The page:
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Annie Wu and China's First Joint Venture
    2008-11-07 07:49:27     CRIENGLISH.com

Thank you for staying with Life in China! Up next, we will feast our eyes on the first joint venture in China, the Beijing Air Catering Company. Thirty years ago, and for the first time in history, the company presented hot and diversified in-flight food to Chinese passengers. Our reporter Du Lijun has the story.

REPORTER:

Take a flight these days and you find Chinese airlines offering a wide array of in-flight food. Western dishes battle eastern equivalents for table space, and the choice is mouth-watering. It's hard to believe that 30 years ago, standard dinners of Chinese airlines comprised of little more than biscuits, a boiled egg and some cold luncheon meat.

The story started with the birth of the Beijing Air Catering Company three decades ago. Annie Wu from Hong Kong was its founder. She recalls her first trip to the Chinese mainland in 1978.

"That was a very unique trip. I had to bring my own roll of tissue paper and soap bar. It was very interesting because I knew there were lots of opportunities in China. The country was just opening up thanks to the late Mr. Deng Xiaoping. I was in Sichuan, in Chongqing. It was an inside experience for someone from Hong Kong, who is also Chinese. Maybe I could try to learn some mandarin and go to different places to work with the local counterparts. Maybe we could achieve something for the country. So actually, I enjoyed that trip a lot as it gave me an opportunity. Ive never imagined that I could be in Sichuan. "

When Annie Wu was traveling on a train during that trip, she heard a message from the radio which led to her decision to invest in the mainland.

"That was when I was in the train from Wuhan to Guangzhou, on the way back to Hong Kong. I could not hear properly, because I couldn't understand Mandarin. So the person who took us on the trip translated for me. Mr. Deng Xiaopin was announcing that the country will have an Open Door Policy. He said that China welcomes investment from overseas, even from Hong Kong and Macao. I thought this was the chance to do something."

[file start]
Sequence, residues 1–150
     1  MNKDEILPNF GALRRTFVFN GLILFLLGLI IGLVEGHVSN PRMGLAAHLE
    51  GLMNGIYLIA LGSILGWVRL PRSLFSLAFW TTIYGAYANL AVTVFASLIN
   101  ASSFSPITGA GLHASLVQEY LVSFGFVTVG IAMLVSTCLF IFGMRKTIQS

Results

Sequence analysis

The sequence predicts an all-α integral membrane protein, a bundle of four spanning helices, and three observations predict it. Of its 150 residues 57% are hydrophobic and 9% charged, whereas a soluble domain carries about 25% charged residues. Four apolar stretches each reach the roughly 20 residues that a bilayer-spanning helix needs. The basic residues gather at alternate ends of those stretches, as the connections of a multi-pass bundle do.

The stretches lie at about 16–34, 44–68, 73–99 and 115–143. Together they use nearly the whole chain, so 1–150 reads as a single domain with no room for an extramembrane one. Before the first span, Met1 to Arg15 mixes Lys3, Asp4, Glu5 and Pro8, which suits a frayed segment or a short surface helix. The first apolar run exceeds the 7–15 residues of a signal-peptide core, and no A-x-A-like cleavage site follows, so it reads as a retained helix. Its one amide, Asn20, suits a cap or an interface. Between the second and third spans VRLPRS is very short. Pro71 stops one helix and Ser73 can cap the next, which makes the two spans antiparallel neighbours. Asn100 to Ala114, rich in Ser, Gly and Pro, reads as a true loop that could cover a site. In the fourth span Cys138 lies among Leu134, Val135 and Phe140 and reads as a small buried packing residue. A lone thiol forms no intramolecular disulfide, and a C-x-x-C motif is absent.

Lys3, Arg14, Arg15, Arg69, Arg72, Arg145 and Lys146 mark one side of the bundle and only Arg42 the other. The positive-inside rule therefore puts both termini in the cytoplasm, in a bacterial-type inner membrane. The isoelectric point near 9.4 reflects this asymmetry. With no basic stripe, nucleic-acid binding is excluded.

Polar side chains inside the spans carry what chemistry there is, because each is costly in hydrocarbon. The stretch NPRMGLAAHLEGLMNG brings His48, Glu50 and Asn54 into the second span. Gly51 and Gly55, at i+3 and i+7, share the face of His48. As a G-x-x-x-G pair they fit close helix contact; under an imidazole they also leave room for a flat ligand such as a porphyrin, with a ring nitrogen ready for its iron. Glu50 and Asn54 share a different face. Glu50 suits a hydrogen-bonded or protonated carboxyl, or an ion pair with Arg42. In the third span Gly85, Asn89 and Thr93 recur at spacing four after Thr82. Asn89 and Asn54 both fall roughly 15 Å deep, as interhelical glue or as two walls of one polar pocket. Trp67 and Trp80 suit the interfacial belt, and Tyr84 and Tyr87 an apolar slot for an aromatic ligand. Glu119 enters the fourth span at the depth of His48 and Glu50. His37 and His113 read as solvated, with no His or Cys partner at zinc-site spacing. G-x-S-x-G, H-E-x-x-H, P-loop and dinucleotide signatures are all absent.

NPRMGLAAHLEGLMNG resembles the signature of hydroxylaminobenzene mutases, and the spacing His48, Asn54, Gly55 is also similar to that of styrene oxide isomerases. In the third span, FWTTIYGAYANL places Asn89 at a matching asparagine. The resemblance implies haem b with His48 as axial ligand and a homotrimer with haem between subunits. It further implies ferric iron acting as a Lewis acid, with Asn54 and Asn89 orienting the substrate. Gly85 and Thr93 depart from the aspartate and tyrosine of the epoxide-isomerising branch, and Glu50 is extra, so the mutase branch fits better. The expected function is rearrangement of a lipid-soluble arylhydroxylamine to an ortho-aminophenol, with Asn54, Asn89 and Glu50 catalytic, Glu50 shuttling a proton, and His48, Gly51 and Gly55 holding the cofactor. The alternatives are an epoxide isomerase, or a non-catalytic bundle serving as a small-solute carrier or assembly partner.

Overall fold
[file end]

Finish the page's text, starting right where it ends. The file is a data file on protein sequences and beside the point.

Annie Wu comes from a family with a legacy in catering. Her father and uncle established Hong Kong's largest food and beverage corporation, the Maxim's.

In 1980, flights were getting ready to take to the skies between the Chinese Mainland and the United States. Since China had no professional air catering, Annie Wu decided to use her family's knowledge to take the chance. However, Annie Wu's uncle and co-founder of the Maxim's company, opposed the idea. He said they had no experience of doing business in China and that laws to protect investors' interests in China were still lacking.

But Annie Wu wasn't put off.

"From the tone of Mr. Deng Xiaoping's announcement, I could feel the Central Government's determination to build a more open society. I am a part of the Chinese race, and I wanted to do my bit for the country."

Before 1997, when Hong Kong was returned to China, investments from Hong Kong were considered joint ventures in the Chinese mainland. But these partnerships were only theory at the time. On one side of the negotiation table was Annie Wu, representing the Maxim's company, and on the other was Xu Bailing, vice minister of the Civil Aviation Administration of China.

Xu Bailing talks about his impression of Annie Wu.

"Some business people just sit down and talk about their profits, but that's not the case for the Wu family. Besides business, they seemed to genuinely care about the development of China and Chinese Aviation."

Maxim's Catering finally obtained the rights to food production for Air China in May 1980, with license serial number '001'.

Xu Bailing tells us more.

"When the first bread came fresh from the oven, I took them to Deng Xiaoping's office. He really liked it. Since then, bread produced in our kitchen was popular. Big hotels reserved our breads to serve their VIPs or foreign guests."

Besides good bread, Annie Wu and her Hong Kong co-workers have also brought a modern management system to Beijing. The company had strict food safety rules such as washing hands with soap, and wearing clean uniforms and hats. Soap was in short supply in China in the 80s, so Wu shipped boxes in from Hong Kong. She even allowed her employees to take them home on condition they followed strict sanitary rules at work.

Over the years, the Beijing Air Catering Company's record for food safety is spotless. Each day, over 100 air meals consumed in-flight originate from the company.

 
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